NGOs urge Tajikistan to release independent journalist and human rights defender Khurshed Fozilov
Oslo, Brussels, Stockholm, Dublin, Warsaw, 24 March 2023
The government of Tajikistan should immediately release independent journalist and human rights defender Khurshed Fozilov and cease the reprisals against independent journalism in the country, the Norwegian Helsinki Committee (NHC), International Partnership for Human Rights (IPHR), Civil Rights Defenders (CRD), Helsinki Foundation for Human Rights (HFHR) and Front Line Defenders (FLD) said in a joint statement on 24 March 2023.
According to media reports1, on 6 March 2023, 37-year-old Khurshed Fozilov was detained by the regional department of the State Committee for National Security in Penjikent, where he has been working since January of this year. The journalist is held in a detention facility in Khujand, according to family members.
A week later, the authorities reportedly initiated a criminal case against Fozilov under paragraph Art. 307 part 2, d (Public calls for a violent change of the constitutional order of the Republic of Tajikistan using the media or the Internet) of the Criminal Code. They have not provided any further public information about his alleged wrongdoing. If found guilty, the journalist could face up to eight years in prison.
The regional journalist and human rights defender worked with domestic and international media outlets. He mostly wrote on the issues faced by the people in the Zarafshan Valley, frequently criticizing local government.
This is not the first time that Tajikistani authorities have persecuted journalists under Article 307 of the Criminal Code. In September 2022, Mamadsulton Mavlonazarov, a 72-year-old journalist, was sentenced to seven years in prison, inter alia, under Article 307 part 2 after he criticized military operations in GBAO. Charges under the same article were also brought against journalists Zavqibek Saidamini and Abdusattor Pirmukhammadzoda, who had previously called for the release of journalists Daler Imomali and Avazmad Ghurbatov, and were both sentenced to seven years in prison.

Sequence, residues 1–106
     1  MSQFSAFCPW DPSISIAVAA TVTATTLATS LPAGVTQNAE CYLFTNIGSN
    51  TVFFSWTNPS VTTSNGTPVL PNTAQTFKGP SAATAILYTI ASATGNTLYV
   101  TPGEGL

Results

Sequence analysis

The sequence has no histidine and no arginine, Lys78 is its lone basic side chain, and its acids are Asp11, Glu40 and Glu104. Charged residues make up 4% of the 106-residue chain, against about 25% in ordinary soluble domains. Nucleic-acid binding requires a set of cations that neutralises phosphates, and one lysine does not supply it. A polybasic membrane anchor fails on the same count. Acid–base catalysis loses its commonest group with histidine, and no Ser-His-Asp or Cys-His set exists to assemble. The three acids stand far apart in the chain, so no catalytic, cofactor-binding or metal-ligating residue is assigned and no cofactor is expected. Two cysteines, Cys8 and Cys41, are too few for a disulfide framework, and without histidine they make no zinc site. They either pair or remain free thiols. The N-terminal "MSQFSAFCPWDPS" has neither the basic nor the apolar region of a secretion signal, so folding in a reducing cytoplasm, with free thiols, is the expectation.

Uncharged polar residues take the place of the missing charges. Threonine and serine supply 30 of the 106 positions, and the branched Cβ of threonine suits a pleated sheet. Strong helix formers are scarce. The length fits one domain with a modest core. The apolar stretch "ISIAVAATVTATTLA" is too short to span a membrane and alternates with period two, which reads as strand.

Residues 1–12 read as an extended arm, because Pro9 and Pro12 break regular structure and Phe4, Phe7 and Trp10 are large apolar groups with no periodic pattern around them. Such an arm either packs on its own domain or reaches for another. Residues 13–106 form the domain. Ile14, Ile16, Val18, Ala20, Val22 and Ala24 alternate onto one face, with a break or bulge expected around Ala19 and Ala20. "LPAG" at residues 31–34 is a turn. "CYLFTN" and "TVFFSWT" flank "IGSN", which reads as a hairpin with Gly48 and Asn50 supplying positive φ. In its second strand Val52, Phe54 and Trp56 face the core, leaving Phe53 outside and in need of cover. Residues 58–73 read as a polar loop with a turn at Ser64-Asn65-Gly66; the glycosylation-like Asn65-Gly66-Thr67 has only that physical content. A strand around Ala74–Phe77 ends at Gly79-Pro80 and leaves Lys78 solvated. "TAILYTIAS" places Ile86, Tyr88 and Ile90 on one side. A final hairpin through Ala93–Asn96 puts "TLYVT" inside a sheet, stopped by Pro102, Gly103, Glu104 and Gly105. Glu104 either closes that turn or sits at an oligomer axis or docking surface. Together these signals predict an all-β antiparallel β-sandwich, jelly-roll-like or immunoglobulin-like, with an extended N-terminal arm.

These cases form part of a crackdown on dissenting voices in Tajikistan. The country was downgraded this month from ‘repressed’ to ‘closed’ by the CIVICUS Monitor, a global research collaboration that rates and tracks fundamental freedoms in 197 countries and territories. ‘Closed’ is the worst rating a country can receive by the CIVICUS Monitor. In reality, it means that an atmosphere of fear prevails in Tajikistan, where people are routinely imprisoned and attacked for exercising their fundamental rights of freedom of association, free assembly and expression.
NHC, IPHR, CRD, HFHR and FLD urge the Tajikistani authorities to:
- Ensure that all legal proceedings against Fozilov are conducted openly and transparently.
- Release Fozilov to house arrest pending trial since he is a journalist and not accused of committing any violent crime;
- Ensure his unobstructed right to access a legal representative, and ensure his physical and psychological safety;
- Refrain from designating of the case as "secret", so that law enforcement agencies do not bring additional trumped-up charges against Fozilov;
- Make public the facts of the case through an indication of which of Fozilov’s social media posts are alleged to qualify under paragraph "d", part 2 of Art. 307. If the law enforcement agencies lack evidence, then they should immediately release Fozilov;
- Protect independent journalists and media workers against harassment and intimidation and refrain from using threats of civil and criminal prosecution as a tool to suppress critical reporting;
- Respect Tajikistan’s international obligations to allow freedom of expression and freedom of media.